Physicists find clues to the origin and evolution of wrinkles in thin sheets.
As a sign of aging or in a suit, wrinkles are almost never welcome, but two papers in the current issue of Physical Review Letters offer some perspective on what determines their size and shape in soft materials.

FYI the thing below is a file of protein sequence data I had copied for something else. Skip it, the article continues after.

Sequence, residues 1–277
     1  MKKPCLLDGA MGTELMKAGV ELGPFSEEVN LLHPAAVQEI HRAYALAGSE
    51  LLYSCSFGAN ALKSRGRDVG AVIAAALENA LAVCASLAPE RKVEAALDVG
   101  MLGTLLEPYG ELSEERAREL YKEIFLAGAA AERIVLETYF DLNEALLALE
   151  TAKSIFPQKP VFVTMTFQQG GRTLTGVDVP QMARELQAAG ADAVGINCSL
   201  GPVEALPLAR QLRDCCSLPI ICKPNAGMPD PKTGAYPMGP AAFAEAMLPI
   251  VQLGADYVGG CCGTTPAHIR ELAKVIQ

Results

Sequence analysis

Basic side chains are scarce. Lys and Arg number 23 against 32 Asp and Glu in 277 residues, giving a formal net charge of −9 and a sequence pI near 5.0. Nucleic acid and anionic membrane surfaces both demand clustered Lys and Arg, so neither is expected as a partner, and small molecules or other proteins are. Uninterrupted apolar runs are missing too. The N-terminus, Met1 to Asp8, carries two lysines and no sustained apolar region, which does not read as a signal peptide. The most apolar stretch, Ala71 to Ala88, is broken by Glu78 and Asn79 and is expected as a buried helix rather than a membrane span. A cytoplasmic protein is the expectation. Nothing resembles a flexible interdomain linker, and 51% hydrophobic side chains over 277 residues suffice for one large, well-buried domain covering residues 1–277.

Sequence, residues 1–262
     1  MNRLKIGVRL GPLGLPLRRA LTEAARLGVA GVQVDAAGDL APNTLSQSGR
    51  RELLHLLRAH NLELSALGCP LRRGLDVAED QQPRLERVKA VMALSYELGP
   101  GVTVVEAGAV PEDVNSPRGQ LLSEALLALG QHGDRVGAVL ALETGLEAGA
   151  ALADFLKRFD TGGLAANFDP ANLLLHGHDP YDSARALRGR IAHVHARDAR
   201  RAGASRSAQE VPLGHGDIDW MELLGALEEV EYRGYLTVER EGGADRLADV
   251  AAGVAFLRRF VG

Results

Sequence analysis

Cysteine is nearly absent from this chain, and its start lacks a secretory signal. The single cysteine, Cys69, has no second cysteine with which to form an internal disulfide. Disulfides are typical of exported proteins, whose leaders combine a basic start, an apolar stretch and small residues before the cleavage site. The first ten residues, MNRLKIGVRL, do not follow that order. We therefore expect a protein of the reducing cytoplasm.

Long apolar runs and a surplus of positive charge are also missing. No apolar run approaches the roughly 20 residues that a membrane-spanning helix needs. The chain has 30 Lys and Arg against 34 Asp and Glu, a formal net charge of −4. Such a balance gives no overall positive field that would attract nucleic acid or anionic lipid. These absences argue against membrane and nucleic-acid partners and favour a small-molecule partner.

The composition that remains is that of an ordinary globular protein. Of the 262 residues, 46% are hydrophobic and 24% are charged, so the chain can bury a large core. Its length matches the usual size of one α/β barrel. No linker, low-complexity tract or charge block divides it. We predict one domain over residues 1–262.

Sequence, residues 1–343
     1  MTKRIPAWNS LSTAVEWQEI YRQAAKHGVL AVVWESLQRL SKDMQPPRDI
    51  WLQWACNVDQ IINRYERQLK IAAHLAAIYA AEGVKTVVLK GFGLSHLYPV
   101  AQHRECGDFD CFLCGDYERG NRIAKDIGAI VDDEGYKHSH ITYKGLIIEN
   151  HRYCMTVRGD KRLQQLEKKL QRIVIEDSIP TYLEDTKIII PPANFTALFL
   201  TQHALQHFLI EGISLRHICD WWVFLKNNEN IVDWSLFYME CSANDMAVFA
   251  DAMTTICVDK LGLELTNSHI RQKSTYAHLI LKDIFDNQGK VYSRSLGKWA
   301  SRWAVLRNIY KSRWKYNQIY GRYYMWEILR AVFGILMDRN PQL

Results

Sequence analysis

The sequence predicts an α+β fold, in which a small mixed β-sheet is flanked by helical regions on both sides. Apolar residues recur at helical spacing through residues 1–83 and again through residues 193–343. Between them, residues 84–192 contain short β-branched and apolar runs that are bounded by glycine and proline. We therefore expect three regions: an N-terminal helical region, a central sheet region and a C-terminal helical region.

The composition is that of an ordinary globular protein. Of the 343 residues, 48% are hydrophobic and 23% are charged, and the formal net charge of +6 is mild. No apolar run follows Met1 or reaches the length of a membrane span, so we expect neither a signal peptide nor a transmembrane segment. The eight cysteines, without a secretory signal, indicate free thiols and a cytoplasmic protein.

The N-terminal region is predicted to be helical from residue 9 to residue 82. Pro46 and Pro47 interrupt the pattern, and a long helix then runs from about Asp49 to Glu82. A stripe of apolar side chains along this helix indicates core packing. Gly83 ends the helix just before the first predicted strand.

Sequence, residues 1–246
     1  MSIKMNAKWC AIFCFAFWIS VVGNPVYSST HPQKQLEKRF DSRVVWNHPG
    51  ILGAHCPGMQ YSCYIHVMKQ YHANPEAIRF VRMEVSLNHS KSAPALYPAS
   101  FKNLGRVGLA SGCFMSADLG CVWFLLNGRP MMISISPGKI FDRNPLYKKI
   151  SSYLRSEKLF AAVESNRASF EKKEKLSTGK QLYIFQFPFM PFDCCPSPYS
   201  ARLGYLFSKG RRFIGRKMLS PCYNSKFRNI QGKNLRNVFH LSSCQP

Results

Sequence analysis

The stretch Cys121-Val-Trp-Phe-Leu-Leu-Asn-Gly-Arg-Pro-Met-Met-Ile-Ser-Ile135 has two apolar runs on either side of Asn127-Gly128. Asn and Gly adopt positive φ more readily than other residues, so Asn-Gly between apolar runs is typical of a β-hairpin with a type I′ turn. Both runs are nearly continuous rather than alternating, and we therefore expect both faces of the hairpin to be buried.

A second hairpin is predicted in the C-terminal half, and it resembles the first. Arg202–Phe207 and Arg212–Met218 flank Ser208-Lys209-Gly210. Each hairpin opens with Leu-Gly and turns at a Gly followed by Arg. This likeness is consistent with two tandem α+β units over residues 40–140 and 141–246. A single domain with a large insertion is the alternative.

Jiangshui Huang and colleagues at the University of Massachusetts, Amherst explore how wrinkles in a sheet adapt to an edge that prefers to be flat. They float a thin, rectangular film of common plastic (polystyrene) on water and compress the sheet along one direction to make folds. In the middle of the film, competition between gravity (which prefers shallow, frequent ripples) and the energy cost of bending the film (which favors longer, higher folds) determine the height and frequency of the folds. Near the edge, however, surface tension forces the film to lie flat. Huang et al. show the film interpolates between these two limits by smoothly tapering from larger, undulating folds in the center to higher frequency ripples at the edge.
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